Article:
The most popular video format on the Internet is QuickTime; the video quality is excellent and all users have to do to watch QuickTime videos is download and install the QuickTime player, which is free.
With the ever-increasing speed of Internet connections and the efficiency of video compression, we are enjoying unprecedented opportunities to showcase videos on the Internet. This article deals with how to encode a video file in the QuickTime format for use on the internet.
Encoding video with QuickTime Pro: the video settings
1. Buy QuickTime Pro and install it on your computer. Export your video from your editing program as an AVI file or something similar, and open the video in QuickTime Pro.
2. Go to the File tab and click on Export. In the export field, select Movie to QuickTime movie.
3. Click on Options. This will take you to the Movie settings panel of the QuickTime encoder. Under Video there are three tabs: Settings, Filter and Size.
(a) In the Settings tab you choose the codec: Sorenson Video 3 is an excellent codec, and the new h.264 is even better. Select the frame rate: 29.97 fps for NTSC video, 25 fps for PAL video – in theory you can reduce the frame rate to make the file size smaller, but if there is significant movement in the video this will result in jittery motion.
Now select the quality: the higher the quality, the larger the resulting QuickTime video file and the longer users will have to wait before they can watch your video, so choose wisely. It is generally a good idea to have two or more versions of the video: a large one aimed at users with broadband internet, a small one for those on slower connections and possibly a medium one. Remember that the smaller the frame size of your video, the lower the quality of the video can be without anyone being put off.
Now select the keyframe rate: one keyframe for every 300 frames in NTSC video and one keyframe for every 250 frames in PAL video generally works well. If you find that the image breaks down in between cuts, you might have to use more frequent keyframes, but this will be at the expense of the video’s overall quality, as fewer bits will be available for all other frames.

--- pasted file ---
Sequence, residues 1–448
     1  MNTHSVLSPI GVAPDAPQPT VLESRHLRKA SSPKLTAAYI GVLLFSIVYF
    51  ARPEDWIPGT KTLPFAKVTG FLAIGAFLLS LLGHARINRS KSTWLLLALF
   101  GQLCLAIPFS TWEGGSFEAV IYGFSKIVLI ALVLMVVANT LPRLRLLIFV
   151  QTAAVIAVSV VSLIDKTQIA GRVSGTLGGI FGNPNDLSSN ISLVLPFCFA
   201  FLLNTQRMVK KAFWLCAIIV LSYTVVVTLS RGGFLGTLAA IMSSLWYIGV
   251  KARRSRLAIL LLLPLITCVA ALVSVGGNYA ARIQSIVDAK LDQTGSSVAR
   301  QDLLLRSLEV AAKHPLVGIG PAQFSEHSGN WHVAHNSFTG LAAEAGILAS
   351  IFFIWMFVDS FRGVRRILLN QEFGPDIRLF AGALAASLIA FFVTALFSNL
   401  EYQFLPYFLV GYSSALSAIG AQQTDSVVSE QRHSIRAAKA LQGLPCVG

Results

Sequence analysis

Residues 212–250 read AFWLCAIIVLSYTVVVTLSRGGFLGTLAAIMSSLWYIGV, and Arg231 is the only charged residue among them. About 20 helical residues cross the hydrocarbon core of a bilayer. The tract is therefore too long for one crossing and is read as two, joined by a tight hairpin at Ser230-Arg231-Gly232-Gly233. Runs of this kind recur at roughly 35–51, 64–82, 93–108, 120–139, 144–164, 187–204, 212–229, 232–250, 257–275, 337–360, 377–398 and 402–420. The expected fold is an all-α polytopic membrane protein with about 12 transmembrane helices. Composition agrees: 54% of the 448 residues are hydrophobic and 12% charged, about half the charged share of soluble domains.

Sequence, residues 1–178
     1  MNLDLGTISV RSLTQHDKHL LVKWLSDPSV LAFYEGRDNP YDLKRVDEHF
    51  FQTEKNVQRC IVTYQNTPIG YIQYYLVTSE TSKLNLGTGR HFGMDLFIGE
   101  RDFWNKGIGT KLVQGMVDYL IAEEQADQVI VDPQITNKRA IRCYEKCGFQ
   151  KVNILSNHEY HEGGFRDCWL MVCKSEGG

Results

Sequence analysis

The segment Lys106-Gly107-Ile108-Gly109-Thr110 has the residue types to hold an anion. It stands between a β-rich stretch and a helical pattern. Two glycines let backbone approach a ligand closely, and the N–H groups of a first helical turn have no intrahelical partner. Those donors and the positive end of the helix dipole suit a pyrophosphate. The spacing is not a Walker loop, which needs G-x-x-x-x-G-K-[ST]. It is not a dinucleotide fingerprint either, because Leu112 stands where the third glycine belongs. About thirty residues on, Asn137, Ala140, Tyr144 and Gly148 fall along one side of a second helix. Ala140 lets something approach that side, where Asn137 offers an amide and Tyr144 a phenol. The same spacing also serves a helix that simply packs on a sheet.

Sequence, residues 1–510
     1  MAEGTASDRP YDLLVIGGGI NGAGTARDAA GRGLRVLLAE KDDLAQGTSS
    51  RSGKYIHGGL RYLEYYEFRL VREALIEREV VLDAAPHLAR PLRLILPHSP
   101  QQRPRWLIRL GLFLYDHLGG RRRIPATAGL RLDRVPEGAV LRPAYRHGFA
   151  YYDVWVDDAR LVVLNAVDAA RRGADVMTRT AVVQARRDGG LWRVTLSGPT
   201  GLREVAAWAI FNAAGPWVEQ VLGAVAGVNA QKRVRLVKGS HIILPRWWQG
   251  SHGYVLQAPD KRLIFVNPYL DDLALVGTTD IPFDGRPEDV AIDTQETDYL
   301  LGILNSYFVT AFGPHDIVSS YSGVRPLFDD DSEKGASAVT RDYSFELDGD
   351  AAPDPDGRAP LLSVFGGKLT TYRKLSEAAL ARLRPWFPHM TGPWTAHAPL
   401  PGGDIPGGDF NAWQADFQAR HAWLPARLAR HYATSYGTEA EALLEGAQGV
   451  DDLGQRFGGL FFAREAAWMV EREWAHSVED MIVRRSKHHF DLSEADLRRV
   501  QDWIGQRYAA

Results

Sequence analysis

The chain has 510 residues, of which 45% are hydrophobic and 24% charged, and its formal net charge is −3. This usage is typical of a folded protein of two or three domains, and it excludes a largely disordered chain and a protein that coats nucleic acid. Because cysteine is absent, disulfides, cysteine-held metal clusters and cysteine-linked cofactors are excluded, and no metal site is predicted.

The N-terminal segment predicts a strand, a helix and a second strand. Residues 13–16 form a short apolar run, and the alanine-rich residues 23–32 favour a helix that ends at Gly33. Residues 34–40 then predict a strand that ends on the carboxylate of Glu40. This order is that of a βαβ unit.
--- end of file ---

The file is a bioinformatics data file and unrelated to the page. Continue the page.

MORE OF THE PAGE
(b) The Filter tab has options such as brightness, contrast, alpha gain, color adjustment, blur and special effects such as film grain and lens flare. QuickTime compression tends to darken the video slightly, so you may have to compensate for this using the brightness adjustment tool.
(c) You now adjust the frame size. Make sure that the frame size you select is consistent with your video’s aspect ratio. Also, the height and width of the frame should ideally be divisible by four or, even better, by 16.
The bigger the frame size, the larger the Quicktime file will be. The optimum compromise between video quality, frame size and file size is generally found by trial and error.
Tweaking the audio settings is much simpler. A compressor that yields excellent results is the IMA 4:1 compressor. You then have a choice of sample rate (between 8000 and 48000 kHz) and sample size (8 bit or 16 bit), and between mono and stereo. Again, the better the quality of the sound, the bigger the QuickTime file will be. Mono at 16 bit and 32 kHz is a good compromise, but you may decide that stereo is important to your viewers’ experience.
If you want users to be able to start watching the QuickTime video before it has all been downloaded, check the “Prepare for Internet streaming” box and select “Fast start” from the menu. Using the fast start option is highly advisable, because without it users will not see anything apart from the QuickTime logo until the whole video has downloaded, and many people can become discouraged and give up before your video has started playing.
Click on OK. This will close the settings box. Type in a file name for your video and click on “save.” The QuickTime encoder will start compressing your video.
You will probably have to repeat the process several times with different settings in order to find the best compromise between frame size, file size and image quality .